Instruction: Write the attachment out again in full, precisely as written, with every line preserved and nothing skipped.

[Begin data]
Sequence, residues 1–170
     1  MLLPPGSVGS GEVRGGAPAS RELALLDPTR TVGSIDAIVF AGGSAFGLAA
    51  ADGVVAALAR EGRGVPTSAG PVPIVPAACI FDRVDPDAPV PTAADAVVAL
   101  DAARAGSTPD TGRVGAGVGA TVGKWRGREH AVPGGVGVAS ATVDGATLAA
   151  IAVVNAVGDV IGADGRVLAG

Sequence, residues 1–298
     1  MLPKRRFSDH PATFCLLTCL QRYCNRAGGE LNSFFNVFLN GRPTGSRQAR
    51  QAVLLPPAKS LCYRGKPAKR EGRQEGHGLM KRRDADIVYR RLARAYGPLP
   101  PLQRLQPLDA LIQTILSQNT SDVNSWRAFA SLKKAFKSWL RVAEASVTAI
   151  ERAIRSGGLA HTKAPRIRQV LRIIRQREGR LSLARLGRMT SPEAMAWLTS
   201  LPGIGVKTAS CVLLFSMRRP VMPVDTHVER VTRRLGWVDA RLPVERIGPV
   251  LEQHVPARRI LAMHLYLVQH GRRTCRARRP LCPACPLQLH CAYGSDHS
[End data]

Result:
Sequence, residues 1–170
     1  MLLPPGSVGS GEVRGGAPAS RELALLDPTR TVGSIDAIVF AGGSAFGLAA
    51  ADGVVAALAR EGRGVPTSAG PVPIVPAACI FDRVDPDAPV PTAADAVVAL
   101  DAARAGSTPD TGRVGAGVGA TVGKWRGREH AVPGGVGVAS ATVDGATLAA
   151  IAVVNAVGDV IGADGRVLAG

Sequence, residues 1–298
     1  MLPKRRFSDH PATFCLLTCL QRYCNRAGGE LNSFFNVFLN GRPTGSRQAR
    51  QAVLLPPAKS LCYRGKPAKR EGRQEGHGLM KRRDADIVYR RLARAYGPLP
   101  PLQRLQPLDA LIQTILSQNT SDVNSWRAFA SLKKAFKSWL RVAEASVTAI
   151  ERAIRSGGLA HTKAPRIRQV LRIIRQREGR LSLARLGRMT SPEAMAWLTS
   201  LPGIGVKTAS CVLLFSMRRP VMPVDTHVER VTRRLGWVDA RLPVERIGPV
   251  LEQHVPARRI LAMHLYLVQH GRRTCRARRP LCPACPLQLH CAYGSDHS